If you have trouble falling asleep, take some comfort in the knowledge that you're not alone. With more than 50% of Brits reporting difficulty falling asleep at night, it is no wonder that many of us are sleep deprived and feeling the effects of missing out on the deep sleep that we need to feel rested and rejuvenated.
If you've ever spent hours trying to fall asleep or suffered from insomnia or sleep deprivation, you will know all too well that once you enter the vicious cycle of worrying about your lack of sleep, it becomes ten times harder to get a good night's sleep.
The problem with long-term sleep deprivation and insomnia is that they can impact the nervous system and contribute to other health conditions such as obesity, mood swings, diabetes, heart disease. The NHS states that 1 in 3 of us find it hard to fall asleep as a result of stress or prolonged exposure to computer screens. Research indicates that sleep disorders can put you at risk of chronic conditions and so it is important to ensure your sleep is the best it can be.
When you're used to lying wide awake at night and having trouble sleeping, it can be challenging to find ways to fall asleep quickly and improve your sleep quality at the same time, but seeking techniques for better quality sleep is the best way to avoid long-term sleep disorders from impacting your daily life and causing long-term health problems.
Fall asleep faster
If you find yourself lying awake for hours on end each night or relying on energy drinks to get through the day then read on for the good news! Here are a few suggestions to help you fall asleep as soon as your head hits the pillow.
Keep it cool
Studies show that our body temperature drops as we fall asleep, and this drop in temperature encourages the production of the sleep hormone melatonin. Melatonin triggers the sleep-wake cycle and so to fall asleep faster it helps to encourage the production of melatonin by creating the right triggers for it in your environment.
Turn the thermostat down to keep the bedrooms at cooler temperatures, somewhere between 16-18°C, this will also help you avoid overheating during the night. Take a warm shower before bed so that your body experiences the drop in temperature, this will encourage muscle relaxation and should also speed up the melatonin production process.
Set your internal body clock
Our bodies work on natural 24-hour circadian rhythms and these rhythms control our sleep-wake cycles. The body cycles through various processes that are synchronized with a master clock. This master clock is directly influenced by various cues such as light and temperature, but it is possible to set this clock by sticking to a regular schedule.
Ensure that you go to bed and wake up at the same time every day - even at the weekends. Try to avoid naps and stay awake during the day as naps can make it hard to fall asleep when you need to. Keeping the same bedtime might sound tricky, but once you get into the habit of it, it will not only help you to fall asleep quickly, but it will also enable you to achieve a much deeper sleep.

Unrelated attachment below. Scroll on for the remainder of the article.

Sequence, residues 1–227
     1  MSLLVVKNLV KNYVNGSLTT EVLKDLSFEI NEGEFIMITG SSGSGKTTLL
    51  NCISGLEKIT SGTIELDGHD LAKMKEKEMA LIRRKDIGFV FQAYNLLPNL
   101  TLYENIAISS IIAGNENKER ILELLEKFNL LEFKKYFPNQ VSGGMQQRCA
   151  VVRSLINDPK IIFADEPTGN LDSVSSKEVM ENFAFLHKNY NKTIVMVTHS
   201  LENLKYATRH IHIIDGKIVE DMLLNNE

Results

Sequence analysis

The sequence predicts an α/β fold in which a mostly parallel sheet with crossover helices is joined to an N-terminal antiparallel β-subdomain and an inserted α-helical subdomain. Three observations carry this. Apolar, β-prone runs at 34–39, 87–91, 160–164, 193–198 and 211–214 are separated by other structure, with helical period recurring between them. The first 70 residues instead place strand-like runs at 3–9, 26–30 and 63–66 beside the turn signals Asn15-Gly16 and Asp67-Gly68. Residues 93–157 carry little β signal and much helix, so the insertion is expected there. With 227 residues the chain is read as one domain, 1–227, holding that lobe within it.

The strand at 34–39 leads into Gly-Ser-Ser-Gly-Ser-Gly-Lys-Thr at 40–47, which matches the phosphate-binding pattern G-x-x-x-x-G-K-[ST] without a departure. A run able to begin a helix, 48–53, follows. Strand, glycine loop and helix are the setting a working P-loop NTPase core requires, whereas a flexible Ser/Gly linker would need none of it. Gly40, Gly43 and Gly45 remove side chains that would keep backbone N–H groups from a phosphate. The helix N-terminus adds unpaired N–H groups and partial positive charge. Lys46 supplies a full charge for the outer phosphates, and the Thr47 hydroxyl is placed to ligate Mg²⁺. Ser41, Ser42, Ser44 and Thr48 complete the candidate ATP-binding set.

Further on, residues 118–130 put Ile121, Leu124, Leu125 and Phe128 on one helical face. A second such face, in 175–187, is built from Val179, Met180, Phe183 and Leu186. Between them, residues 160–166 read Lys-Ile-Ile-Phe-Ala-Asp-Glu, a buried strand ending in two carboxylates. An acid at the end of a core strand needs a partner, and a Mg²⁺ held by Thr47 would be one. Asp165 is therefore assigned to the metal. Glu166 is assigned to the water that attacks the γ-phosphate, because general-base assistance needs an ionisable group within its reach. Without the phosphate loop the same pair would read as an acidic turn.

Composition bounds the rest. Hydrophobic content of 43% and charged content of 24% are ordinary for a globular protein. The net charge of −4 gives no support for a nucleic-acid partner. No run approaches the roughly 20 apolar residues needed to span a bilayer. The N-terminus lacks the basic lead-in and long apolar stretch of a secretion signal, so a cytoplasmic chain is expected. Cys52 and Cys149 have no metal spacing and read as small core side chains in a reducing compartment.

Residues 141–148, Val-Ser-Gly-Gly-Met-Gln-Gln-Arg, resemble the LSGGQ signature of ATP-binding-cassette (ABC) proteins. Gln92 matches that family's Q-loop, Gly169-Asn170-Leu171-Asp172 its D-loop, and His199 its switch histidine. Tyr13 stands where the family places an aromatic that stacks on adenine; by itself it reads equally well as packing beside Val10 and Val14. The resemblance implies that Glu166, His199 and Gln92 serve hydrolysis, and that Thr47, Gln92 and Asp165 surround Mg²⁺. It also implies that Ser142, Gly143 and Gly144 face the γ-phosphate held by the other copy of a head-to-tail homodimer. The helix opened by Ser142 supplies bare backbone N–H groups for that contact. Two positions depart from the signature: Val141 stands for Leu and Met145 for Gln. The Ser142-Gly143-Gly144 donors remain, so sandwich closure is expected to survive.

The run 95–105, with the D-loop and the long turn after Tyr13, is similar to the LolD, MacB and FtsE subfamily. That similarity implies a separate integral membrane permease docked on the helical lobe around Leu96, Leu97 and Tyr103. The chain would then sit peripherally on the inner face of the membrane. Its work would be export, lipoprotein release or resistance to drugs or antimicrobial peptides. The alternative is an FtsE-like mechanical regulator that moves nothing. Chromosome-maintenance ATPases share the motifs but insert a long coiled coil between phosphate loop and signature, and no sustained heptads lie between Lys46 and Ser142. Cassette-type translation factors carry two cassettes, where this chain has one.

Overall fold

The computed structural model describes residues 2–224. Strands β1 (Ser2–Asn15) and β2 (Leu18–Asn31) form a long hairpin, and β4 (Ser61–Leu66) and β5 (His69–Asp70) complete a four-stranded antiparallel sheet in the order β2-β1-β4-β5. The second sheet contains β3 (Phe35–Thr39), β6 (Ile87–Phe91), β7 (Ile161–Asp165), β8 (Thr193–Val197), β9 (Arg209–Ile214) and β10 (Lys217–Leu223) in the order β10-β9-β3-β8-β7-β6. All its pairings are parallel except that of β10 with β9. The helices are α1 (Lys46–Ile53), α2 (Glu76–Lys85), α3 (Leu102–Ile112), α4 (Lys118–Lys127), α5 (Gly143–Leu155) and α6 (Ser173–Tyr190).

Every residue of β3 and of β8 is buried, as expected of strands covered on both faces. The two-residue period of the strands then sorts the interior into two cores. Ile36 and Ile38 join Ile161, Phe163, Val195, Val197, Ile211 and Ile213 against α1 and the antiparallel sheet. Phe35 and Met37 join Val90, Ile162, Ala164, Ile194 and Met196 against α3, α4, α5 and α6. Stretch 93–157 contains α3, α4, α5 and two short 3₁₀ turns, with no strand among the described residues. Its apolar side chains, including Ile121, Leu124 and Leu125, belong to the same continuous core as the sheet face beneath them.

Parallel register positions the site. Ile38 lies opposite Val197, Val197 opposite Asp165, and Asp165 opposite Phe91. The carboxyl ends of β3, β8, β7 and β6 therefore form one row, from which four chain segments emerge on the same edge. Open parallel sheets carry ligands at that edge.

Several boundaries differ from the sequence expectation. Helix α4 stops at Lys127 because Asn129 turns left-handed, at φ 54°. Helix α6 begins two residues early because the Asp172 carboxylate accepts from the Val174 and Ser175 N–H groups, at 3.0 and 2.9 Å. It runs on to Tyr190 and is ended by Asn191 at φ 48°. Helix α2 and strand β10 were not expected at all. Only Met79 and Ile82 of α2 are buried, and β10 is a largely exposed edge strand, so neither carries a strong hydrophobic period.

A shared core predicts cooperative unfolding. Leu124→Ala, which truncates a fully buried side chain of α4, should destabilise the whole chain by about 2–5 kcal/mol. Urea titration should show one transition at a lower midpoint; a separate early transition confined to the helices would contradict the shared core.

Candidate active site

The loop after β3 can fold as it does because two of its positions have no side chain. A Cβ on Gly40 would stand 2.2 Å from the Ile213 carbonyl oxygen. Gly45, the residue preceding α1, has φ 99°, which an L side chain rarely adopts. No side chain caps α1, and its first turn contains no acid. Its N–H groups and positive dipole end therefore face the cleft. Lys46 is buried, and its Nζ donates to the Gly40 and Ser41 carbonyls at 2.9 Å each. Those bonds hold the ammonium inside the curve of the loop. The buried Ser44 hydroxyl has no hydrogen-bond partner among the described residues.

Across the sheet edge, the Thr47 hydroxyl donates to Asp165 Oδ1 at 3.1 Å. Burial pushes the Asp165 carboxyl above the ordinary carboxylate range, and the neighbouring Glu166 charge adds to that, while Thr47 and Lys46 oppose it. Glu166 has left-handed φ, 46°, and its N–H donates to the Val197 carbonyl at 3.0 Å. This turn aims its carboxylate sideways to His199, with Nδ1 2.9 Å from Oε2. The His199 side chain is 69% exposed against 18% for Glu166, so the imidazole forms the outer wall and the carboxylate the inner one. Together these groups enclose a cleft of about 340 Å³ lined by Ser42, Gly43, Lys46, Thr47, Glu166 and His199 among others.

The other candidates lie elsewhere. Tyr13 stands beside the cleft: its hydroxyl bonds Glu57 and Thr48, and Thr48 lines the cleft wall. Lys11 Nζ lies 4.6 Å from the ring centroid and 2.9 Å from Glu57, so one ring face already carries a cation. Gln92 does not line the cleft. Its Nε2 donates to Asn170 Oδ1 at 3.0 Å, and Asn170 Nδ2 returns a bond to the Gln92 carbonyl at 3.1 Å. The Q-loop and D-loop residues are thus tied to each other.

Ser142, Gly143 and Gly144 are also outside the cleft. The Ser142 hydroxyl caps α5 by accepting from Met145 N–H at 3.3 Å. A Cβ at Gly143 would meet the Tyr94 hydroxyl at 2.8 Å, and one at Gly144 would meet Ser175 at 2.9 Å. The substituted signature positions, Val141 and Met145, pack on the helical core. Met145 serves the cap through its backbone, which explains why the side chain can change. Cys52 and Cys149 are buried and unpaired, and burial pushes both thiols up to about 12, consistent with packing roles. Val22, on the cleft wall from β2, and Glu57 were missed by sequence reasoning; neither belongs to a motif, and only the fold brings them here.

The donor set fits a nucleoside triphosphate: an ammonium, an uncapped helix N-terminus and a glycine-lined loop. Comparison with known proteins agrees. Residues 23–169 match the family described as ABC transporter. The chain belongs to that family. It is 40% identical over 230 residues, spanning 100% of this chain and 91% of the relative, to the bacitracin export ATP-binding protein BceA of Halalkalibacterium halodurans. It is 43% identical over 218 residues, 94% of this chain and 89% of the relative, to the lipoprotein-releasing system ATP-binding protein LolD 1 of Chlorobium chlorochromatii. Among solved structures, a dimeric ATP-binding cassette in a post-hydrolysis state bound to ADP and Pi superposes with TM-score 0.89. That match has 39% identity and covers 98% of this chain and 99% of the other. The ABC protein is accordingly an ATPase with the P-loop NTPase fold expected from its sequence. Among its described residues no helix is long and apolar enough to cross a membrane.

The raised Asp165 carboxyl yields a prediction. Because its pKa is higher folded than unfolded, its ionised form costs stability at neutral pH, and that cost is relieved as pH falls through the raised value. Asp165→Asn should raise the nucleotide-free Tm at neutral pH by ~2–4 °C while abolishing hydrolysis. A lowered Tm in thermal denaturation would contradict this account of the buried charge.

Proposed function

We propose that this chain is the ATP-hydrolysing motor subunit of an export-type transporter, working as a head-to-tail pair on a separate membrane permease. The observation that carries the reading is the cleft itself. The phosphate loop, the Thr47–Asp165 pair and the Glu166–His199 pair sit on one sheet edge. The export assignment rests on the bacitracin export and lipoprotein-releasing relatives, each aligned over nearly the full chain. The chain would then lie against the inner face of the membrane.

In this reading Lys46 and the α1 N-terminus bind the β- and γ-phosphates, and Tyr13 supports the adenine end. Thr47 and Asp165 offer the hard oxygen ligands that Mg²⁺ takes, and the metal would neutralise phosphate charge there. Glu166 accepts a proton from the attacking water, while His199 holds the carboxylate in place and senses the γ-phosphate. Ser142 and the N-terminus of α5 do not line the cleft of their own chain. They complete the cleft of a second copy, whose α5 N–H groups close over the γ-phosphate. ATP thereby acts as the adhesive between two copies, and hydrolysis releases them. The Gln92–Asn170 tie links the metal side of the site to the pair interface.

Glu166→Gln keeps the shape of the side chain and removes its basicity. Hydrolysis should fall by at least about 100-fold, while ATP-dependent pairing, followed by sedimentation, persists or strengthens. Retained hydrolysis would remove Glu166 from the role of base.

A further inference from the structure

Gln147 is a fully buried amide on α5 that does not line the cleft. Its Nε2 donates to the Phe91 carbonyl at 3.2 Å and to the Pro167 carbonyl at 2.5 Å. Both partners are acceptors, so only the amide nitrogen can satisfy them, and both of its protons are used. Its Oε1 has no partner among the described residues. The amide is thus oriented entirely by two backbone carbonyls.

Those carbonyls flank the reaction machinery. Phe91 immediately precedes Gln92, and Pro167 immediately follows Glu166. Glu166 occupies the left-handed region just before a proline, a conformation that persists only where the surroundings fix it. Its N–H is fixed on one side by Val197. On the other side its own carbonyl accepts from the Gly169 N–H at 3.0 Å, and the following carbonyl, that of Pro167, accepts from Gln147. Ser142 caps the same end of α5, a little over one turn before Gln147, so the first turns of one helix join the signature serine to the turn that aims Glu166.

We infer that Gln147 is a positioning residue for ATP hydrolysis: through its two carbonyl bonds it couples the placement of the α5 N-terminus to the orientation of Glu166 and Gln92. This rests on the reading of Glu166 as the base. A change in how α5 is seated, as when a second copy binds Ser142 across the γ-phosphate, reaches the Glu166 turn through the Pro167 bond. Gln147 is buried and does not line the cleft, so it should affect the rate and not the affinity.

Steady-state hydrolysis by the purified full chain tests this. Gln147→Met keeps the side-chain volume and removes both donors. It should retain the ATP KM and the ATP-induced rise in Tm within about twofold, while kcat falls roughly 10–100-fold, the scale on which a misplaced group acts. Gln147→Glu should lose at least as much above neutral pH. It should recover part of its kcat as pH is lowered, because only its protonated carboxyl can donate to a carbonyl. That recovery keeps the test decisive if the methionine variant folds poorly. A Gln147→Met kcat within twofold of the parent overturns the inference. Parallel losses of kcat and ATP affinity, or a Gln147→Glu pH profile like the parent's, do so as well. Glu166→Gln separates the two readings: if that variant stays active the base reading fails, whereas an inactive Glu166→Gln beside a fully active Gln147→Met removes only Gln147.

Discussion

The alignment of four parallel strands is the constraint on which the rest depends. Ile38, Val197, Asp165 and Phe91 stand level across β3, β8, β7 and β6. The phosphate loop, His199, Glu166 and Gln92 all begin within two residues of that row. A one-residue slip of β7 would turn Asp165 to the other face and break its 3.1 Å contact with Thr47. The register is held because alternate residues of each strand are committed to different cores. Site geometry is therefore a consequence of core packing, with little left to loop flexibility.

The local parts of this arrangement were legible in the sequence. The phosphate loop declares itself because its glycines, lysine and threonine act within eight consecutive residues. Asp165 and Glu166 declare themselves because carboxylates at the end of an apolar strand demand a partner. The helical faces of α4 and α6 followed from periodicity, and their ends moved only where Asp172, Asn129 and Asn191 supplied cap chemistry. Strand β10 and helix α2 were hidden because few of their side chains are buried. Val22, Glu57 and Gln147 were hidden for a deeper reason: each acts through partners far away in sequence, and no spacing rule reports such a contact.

Use breathing techniques for falling asleep
One of the last things you might want to do when lying awake at night working out how to fall asleep fast is to spend some time focusing on your breathing. It seems too easy! But that's the beauty of it - it really is easy and not only that, it is a very effective method to help you fall asleep.
Research shows that spending between 5 to 20 minutes just focusing on your breath helps to switch your brain off and give the body the cues for a good sleep. There are several different methods for falling asleep fast but the military method is a proven technique designed by Lloyd Bud Winter in 1981 and aims to have you fast asleep within two minutes.
- First, relax your face and head.
- Drop your shoulders to release any tension and let your arms fall by your sides.
- Breathe out and let your chest relax.
- Relax your legs and let them sink into the mattress.
- Bring your attention to your breath and either picture lying on a boat on a calm lake, laying in a warm black hammock in a dark room, or say the words "don't think, don't think" over and over in your mind.
If you feel your mind drifting, don’t worry, just bring it back to your breath. You will find that the more you practice this technique, the easier it will be to stop thinking completely and the easier it will be to fall asleep faster.
Use a sleep mask and earplugs
A study found that light and noise account for 30% of all sleep problems, so if you want better sleep and sweet dreams then it might be worth investing in a sleep mask. Sleep masks are so effective that even the military has found that they fell asleep faster when using them so they are included in kits sent to soldiers to keep them healthy and well-rested. If you're sensitive to noise, earplugs can be super effective for blocking out background noise and helping you to focus on falling asleep.
Strike a pose
Yoga has been shown to be a very effective way of winding the mind and body down and preparing it to fall asleep. You don’t have to do a full workout before bed, but holding a few simple yoga poses that are specifically designed to help you fall asleep will give you a better chance of drifting off when you get into bed.
Gentle exercise is also proven to induce quality sleep, so it is exactly what the body needs to see a big difference in a sleep routine. Try joining a class, following videos on YouTube, or downloading a yoga app to get yourself started on some easy bedtime stretches at night.
Hide the clock
There is nothing worse than watching the minutes tick by as you toss and turn trying to get to sleep. If you have a clock by your bed then encourage better sleeping habits by hiding it or moving it out of the room altogether.